MSNBC flack slams religious right’s ‘obsession’ with homeschooling, accuses parents of insidious racism

MSNBC columnist and University of Pennsylvania professor, Anthea Butler, published a piece on Thursday baselessly asserting that homeschooling is the religious right’s “insidious way to circumvent” the integration of students in public schools, intimating that Christians are racist.

“It may seem harmless, but the insidious racism of the American religious right’s obsession with homeschooling speaks volumes, writes @AntheaButler,” MSNBC tweeted linking to her article.

She accused homeschooling evangelicals of conducting a “war against public schools.” She based her claim partially on actor Kirk Cameron’s documentary “The Homeschool Awakening.”

“’Public education has become public enemy No. 1,’ the actor Kirk Cameron opines in a promotion for ‘The Homeschool Awakening,’ his documentary scheduled to hit theaters in June,” she wrote in her column for MSNBC, adding, “as Cameron’s quote indicates, this latest project of conservative evangelical education is another salvo in the ongoing evangelical war against public schools.”

“It should come as no surprise that evangelicals, fundamentalists and other religious conservatives have fought against public education since the U.S. Supreme Court’s 1954 decision in Brown v. Board of Education,” Butler falsely stated, attempting to smear Christians as racist.

“The prospect of integrated schools led to the creation of many ‘segregation academies,’ private schools designed to keep African American children and undesirable immigrant groups away from white children. But there was another, more insidious way to circumvent integration: homeschooling,” she outrageously charged.

“One of the main purveyors of homeschooling was a fundamentalist, Rousas Rushdoony, whose work beginning in the 1960s in establishing Christian day schools grew into the homeschooling movement,” Butler stated attempting to connect racism to the roots of homeschooling.

She besmirched Rushdoony further by claiming that he was part of an early “insidious way to circumvent integration.” Butler wrote that Rushdoony “saw homeschooling as a way to cut the government out of educating Christian children and to prepare them to take their place in a theocratic government.”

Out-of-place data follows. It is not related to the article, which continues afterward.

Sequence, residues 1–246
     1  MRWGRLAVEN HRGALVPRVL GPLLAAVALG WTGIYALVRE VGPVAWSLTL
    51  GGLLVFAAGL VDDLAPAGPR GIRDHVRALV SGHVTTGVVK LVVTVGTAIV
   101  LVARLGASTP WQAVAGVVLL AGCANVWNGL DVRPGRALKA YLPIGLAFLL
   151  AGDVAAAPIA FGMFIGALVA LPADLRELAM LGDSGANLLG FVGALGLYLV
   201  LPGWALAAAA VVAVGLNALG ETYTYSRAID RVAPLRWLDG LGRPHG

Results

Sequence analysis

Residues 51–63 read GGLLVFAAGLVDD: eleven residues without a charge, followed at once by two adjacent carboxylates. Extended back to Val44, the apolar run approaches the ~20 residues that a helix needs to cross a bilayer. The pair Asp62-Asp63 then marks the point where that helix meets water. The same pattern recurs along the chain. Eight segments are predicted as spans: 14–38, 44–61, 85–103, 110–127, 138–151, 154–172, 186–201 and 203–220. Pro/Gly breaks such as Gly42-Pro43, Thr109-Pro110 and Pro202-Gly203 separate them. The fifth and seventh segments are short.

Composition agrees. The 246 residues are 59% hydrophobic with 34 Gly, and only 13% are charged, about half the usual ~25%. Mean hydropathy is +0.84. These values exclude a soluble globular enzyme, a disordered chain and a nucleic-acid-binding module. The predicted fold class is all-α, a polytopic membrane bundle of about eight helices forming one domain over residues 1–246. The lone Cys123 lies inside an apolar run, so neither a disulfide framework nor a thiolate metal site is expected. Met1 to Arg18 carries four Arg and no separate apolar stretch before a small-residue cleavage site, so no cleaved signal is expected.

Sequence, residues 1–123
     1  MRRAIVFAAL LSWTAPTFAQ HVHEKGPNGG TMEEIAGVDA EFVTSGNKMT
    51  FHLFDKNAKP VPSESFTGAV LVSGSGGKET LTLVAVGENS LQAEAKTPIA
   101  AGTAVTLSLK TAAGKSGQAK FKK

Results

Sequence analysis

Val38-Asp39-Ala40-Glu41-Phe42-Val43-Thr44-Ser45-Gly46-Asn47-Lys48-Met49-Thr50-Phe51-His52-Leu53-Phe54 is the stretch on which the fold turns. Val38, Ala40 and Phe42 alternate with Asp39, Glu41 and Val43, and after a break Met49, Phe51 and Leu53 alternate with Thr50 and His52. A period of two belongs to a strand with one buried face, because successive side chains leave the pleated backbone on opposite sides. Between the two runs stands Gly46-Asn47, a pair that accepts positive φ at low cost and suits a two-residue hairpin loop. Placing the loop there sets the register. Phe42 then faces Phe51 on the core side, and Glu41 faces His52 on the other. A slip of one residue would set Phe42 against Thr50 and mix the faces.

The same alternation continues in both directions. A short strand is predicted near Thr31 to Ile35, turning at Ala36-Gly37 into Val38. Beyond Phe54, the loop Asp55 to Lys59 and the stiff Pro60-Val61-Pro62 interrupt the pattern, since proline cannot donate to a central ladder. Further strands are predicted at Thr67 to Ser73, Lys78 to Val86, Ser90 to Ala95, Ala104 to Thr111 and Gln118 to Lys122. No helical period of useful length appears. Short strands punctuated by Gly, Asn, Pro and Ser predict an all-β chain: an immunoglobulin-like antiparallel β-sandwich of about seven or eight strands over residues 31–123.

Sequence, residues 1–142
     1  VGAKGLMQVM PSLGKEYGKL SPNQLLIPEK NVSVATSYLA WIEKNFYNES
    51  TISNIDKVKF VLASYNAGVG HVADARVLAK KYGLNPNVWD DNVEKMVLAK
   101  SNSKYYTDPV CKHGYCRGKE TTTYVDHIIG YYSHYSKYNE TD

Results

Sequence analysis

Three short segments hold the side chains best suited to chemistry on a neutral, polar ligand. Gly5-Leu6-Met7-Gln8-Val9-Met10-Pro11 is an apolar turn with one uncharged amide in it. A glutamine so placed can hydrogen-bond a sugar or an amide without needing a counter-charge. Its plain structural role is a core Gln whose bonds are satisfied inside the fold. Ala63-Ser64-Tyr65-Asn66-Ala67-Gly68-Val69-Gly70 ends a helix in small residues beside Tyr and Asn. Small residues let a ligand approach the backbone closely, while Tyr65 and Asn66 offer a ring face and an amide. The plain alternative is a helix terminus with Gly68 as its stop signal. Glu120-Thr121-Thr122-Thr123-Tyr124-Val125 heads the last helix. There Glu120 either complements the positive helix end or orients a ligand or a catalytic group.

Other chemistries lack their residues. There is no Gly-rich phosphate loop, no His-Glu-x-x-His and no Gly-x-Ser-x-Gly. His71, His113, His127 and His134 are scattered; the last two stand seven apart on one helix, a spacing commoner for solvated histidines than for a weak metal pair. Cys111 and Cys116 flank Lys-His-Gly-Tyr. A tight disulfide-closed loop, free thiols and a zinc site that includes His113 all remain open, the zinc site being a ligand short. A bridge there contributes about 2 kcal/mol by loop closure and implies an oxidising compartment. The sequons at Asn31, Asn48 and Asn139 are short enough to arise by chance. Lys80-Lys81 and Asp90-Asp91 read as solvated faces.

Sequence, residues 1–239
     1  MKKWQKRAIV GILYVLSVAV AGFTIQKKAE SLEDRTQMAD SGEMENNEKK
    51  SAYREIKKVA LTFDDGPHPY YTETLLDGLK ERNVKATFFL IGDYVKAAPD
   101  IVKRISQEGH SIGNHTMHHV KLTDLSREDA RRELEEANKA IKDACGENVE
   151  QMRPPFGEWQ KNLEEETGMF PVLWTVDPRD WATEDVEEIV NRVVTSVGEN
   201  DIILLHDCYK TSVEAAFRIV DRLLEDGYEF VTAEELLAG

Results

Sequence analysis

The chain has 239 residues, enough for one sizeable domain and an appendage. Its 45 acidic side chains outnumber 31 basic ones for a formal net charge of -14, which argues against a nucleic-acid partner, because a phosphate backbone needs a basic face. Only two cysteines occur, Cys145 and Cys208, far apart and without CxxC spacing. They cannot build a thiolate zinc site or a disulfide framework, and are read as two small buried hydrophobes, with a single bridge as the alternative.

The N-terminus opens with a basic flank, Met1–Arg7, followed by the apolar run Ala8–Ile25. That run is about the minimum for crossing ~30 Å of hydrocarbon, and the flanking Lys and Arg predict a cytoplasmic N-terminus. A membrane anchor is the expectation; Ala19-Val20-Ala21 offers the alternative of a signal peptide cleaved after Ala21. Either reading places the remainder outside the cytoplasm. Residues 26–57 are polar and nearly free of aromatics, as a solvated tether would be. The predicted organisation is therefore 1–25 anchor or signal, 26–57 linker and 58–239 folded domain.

“Crazy or not, homeschooling materials inspired by Rushdoony’s theology are on sale today to parents who homeschool in America, and many of those materials reached parents during the pandemic,” she charged.

“Cameron’s documentary promoting homeschooling is not an aberration; it is part of a larger project about dismantling the public education system in the United States,” Butler noted taking another swipe at Cameron.

“This dismantling has taken shape over the years in various ways: in segregation academies, in school vouchers, in attempts to dismantle the U.S. Department of Education,” she continued.

“Cameron’s documentary furthers the long-term goal of America’s religious conservatives to dismantle the public school system by promoting homeschooling,” the author posited.

Butler went on to beman the fact that parents “are now finding homeschooling as an attractive alternative” including “black parents and other diverse groups.” Though, “some parents have expressed frustration with conservative Christian materials for homeschooling, which drive the current marketplace.”

She seems to have a real issue with “Christian conservative networks” and admonished parents who do decide to take that route to avoid them.

“Homeschooling may have greater appeal now … but parents unfamiliar with the existing networks of homeschooling run the danger of being drawn into Christian conservative networks and theocratic teaching,” she warned.

Butler also said that homeschool supporters like Cameron could possibly destroy public schools altogether.

“Cameron’s [sic] says that people choosing homeschooling are having an awakening, but the public needs to awaken to the reality that public schools may disappear if people with his extreme beliefs have their way,” she proclaimed.

Butler also served as the co-chair of Catholics for Joe Biden during his presidential campaign according to the Daily Wire.

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